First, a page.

“Come here!”
We tried to ignore them. But like hungry mosquitoes they whined in our ears. Like angry bees they buzzed around our heads.

I started to get firmer: “No! We don’t want a Felucca or a Caleche.” No! We don’t want to drink anything. We do not want to buy anything right now.”
“Maybe later?”
“Yes, maybe later,” Daniela would say.
“You look like Chakira,” they repeated over and over to Daniela.
“You look like Egyptian,” they told her. She’s Italian.

Then we tried speaking in Turkish. Acting like we didn’t know any English, we stared at them blankly, shook our heads as if not comprehending. Jabbered in Turkish. Undeterred by a language they didn’t know they prattled on in French, Spanish, Italian. Finally, I reached the end of my endurance. I cracked. I, a tiny, sixty-three-year-old, forty-six kilo woman suddenly metamorphosed into Dirty Harry.

The dark-green gowned, dark-skinned Egyptian trailed alongside us unsuspecting. Never realizing that the petite old lady he was hounding was really Dirty Harry.

“Felucca, Madame? You know price? You know price? Fifty Egyptian pounds. Best price. You take?” He followed us delivering a non-stop diatribe of pleading, coaxing, haranguing, wheedling.

I turned in front of him and stopped. A woman whose shell had cracked wide open. And emerging from the shell, sprung a fully-formed, and ultimately dangerous Clint Eastwood. My eyes narrowed into slits of pure malice. I had become Dirty Harry.

"I killed my last Felucca driver,” I hissed out between clenched teeth. You want me to kill you? Come on let’s go to your Felucca. Make my day.” I stood before him jaw set, body tensed. I drew my index finger across my throat while staring him down.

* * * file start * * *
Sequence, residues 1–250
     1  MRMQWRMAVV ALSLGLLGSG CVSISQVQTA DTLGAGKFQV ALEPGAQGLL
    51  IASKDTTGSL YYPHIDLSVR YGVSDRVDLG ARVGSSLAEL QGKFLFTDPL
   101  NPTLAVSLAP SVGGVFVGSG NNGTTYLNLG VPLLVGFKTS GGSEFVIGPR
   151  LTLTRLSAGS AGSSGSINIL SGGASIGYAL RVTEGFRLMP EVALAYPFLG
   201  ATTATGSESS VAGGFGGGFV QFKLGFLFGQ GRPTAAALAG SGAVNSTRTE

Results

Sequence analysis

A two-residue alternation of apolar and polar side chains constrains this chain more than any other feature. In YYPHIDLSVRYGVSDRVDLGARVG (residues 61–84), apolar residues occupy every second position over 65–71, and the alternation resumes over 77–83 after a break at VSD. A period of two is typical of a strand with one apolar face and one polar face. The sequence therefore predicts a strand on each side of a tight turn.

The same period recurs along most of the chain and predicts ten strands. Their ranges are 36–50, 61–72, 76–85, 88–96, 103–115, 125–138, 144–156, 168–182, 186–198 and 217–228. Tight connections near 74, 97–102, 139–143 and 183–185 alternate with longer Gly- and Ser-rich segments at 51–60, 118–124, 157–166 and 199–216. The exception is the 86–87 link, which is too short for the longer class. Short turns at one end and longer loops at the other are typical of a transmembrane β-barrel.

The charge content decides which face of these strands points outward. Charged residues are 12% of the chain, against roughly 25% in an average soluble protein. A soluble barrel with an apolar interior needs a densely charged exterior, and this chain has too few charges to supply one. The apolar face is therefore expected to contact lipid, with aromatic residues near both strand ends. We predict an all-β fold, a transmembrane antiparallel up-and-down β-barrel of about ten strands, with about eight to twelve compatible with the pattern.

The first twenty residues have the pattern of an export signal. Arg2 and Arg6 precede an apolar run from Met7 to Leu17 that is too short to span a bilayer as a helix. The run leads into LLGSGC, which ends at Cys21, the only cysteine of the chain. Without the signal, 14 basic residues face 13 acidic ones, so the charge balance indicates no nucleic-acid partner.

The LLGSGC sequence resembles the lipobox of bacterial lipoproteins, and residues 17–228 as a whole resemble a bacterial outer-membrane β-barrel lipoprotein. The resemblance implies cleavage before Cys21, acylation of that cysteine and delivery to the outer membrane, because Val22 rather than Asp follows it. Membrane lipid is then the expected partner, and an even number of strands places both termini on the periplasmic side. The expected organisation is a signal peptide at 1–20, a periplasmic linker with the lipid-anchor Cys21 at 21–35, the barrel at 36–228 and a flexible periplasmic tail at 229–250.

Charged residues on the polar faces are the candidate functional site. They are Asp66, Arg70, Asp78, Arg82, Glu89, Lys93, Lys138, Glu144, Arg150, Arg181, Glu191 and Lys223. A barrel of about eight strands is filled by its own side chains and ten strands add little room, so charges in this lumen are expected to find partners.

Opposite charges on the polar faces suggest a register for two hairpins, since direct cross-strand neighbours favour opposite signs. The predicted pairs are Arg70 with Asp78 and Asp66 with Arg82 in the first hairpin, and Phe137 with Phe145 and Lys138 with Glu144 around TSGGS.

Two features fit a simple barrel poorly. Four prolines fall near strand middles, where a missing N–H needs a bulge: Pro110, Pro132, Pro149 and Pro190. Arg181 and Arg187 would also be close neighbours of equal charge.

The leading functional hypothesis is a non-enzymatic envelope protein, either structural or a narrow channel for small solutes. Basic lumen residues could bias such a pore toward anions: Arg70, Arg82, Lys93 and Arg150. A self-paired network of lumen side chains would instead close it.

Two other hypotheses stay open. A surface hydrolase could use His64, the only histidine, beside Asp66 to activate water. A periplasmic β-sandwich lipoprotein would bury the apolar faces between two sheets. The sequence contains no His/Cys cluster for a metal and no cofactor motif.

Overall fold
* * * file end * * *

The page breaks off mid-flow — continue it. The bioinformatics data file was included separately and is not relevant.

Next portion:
“No Madame. Don’t kill me!” he whispered scuttling backwards until he turned and fled in the opposite direction.
It was then that I noticed the look on Daniela’s face.
“You scared me,” she said and then we both started laughing so hard we were bent over, tears rolling down our faces.

I’m normally a mild-mannered woman. A lover of humanity. Compassionate. Empathetic. I understand this is their job. They have families to feed. Bills to pay. I forgive them all.

But when a strange man touches me, blocks my path, lies to me or deceives me, I turn into Dirty Harry. It took Luxor to provoke this transformation.

Then one smiling man shouted “Hello! Welcome!”
We kept walking, ignoring him.
“Welcome Madame!” he sang out again.
We avoided eye contact.
“What’s wrong with you? Why are you so unfriendly? I just welcome you to my country and you can’t even smile or say hello. You are not women!”

We tried to explain. “Because there are so many men who…”
“No,” he insisted. “You are wrong! You can smile. Say hello. You are not women!” He turned and walked away scowling.

And in the end we’re the ones who are made to feel wrong.

We walked along the Corniche. The blue Nile shimmering on our right. The ancient one-sail feluccas gracefully skimming its calm surface, our heads bent in shame, feeling like we’ve failed ourselves, behaved less than admirably.

The massive papyrus columns of Karnak’s Hypostyle support our weight as we lean against them spotlighted in rays of sunlight, reflecting on our journey.
Travel teaches so much. Many of its lessons are unpredictable and unsolicited.
But always, a learning process.

Diane Wanderer

Posted over on her site Diane in Istanbul